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Hosea 4 presents a turning point in the prophecy. From this point, the Lord delivers a series of prophetic pronouncements against his people. There is less narrative than in the opening three chapters. Some interpreters have gone so far as to suggest that the distinction is so sharp that we must assume the two sections were written by two different authors. While there is no overwhelming reason to assume that, the difference in tone is difficult to miss.

In chapter 4 (or, really, in chapters 4–6), Hosea presents an accusation against Yahweh’s people and warns them of the punishment that will flow from it. The accusation, in essence, is that the people, though claiming a relationship with God, did not really know him. “My people are destroyed for lack of knowledge; because you have rejected knowledge, I reject you from being a priest to me” (v. 6). The relationship they thought they had was spurious.

The sad reality is that, though they did not know God, they thought they did. They had deceived themselves. The question before us is, how do we avoid the same deception? How do we know whether we truly know God? What is the fruit of knowledge that Israel lacked that we should look for in our own profession of knowing God. In the opening verses of chapter 4, Yahweh points to three fruits of a vibrant relationship with him. We do well to consider these fruits.

First, a relationship with God is marked by “faithfulness and steadfast love” (v. 1). “Faithfulness” demands that we be firm in our commitment to God and his word, reliable in our responsibilities before him, and honest in what we say. It implies that we know the truth and give ourselves to it completely. “Steadfast love” carries implications of interpersonal relationships with God’s people. It requires us to maintain a devoted and compassionate relationship with those who are also in relationship to Yahweh.

Can these things be said of your relationship with God and with his people? (Let us remember that our relationship to God’s people is a litmus test of our relationship to him, for how can we love God, whom we have not seen, if we do not love our brothers and sisters in Christ, whom we have seen?) Are you steadfastly committed to the truths of God’s word and faithful in fulfilling your obligations before him? Are you compassionately devoted to a loving relationship with the people of God with whom you live in relationship? Are your relationships in the church meaningful and compassionate?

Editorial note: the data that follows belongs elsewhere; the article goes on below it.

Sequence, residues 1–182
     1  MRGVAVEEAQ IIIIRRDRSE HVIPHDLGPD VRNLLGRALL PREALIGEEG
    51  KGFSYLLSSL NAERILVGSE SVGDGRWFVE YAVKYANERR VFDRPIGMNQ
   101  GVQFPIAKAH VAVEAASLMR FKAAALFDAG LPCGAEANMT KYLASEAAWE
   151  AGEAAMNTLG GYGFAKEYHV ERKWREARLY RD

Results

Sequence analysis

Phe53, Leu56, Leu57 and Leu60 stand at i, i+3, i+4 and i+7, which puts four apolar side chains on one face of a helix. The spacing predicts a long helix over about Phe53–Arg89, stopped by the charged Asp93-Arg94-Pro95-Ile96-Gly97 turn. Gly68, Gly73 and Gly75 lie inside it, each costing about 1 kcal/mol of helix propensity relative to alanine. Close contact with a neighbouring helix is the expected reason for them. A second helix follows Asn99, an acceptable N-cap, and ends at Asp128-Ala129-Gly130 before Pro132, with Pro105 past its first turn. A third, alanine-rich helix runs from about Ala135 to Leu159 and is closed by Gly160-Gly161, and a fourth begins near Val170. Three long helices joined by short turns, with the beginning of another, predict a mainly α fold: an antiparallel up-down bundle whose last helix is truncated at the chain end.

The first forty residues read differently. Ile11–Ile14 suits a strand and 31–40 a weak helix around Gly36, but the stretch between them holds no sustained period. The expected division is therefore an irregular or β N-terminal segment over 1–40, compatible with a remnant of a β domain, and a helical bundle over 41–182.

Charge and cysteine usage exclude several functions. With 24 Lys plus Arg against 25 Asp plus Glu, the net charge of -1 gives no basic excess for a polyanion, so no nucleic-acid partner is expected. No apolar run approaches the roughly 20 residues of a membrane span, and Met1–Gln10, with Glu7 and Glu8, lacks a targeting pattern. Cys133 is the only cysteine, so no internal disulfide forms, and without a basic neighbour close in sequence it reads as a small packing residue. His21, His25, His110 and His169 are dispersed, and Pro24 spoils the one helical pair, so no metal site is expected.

Second, a relationship with God is marked by behaviour consistent with his will. It was evident that Israel lacked a relationship with Yahweh because “there is swearing, lying, murder, stealing, and committing adultery; they break all bounds, and bloodshed follows bloodshed” (v. 2). We cannot legitimately claim to have a relationship with God if we are characterised by behaviour that dishonours him.

It goes without saying that we all sin and fail God in many ways. As a church, we pray a prayer of confession each Sunday precisely because we recognise the need to confess our sins. But there is a difference between sinning as a believer—and confessing that sin—and living a life characterised by behaviour that dishonours God. If the general trend of your life is swearing, lying, murder, stealing, and committing adultery, you have good reason to question whether you are in relationship with him. A good tree brings forth good fruit, and a person rooted in Christ brings forth behaviour that is decidedly Christlike.

Third, since a relationship with God is broader than the individual, a relationship with God is often marked by communal blessing. I do not mean to promote a form of prosperity gospel here, but the languishing of the land referenced in v. 3 is evidence of God’s curse upon his people for failing to obey their covenant. God gave both covenant blessings and covenant curses. The people did not earn his blessing by their obedience, but blessing was the freely-given evidence that he was pleased with their behaviour. Similarly, the lack of abundant blessings served as a warning that he was not pleased with their behaviour.

It is generally true that God blesses those who walk faithfully with him. If we lack God’s blessing on our lives and in our churches, it may well be evidence that we are not in right relationship with him.

As you meditate on Hosea 4 this morning, ask God to help you evaluate the health of your relationship with him. If you lack the evidence of that relationship, repent, and ask for grace to walk before him in faithfulness and steadfast love.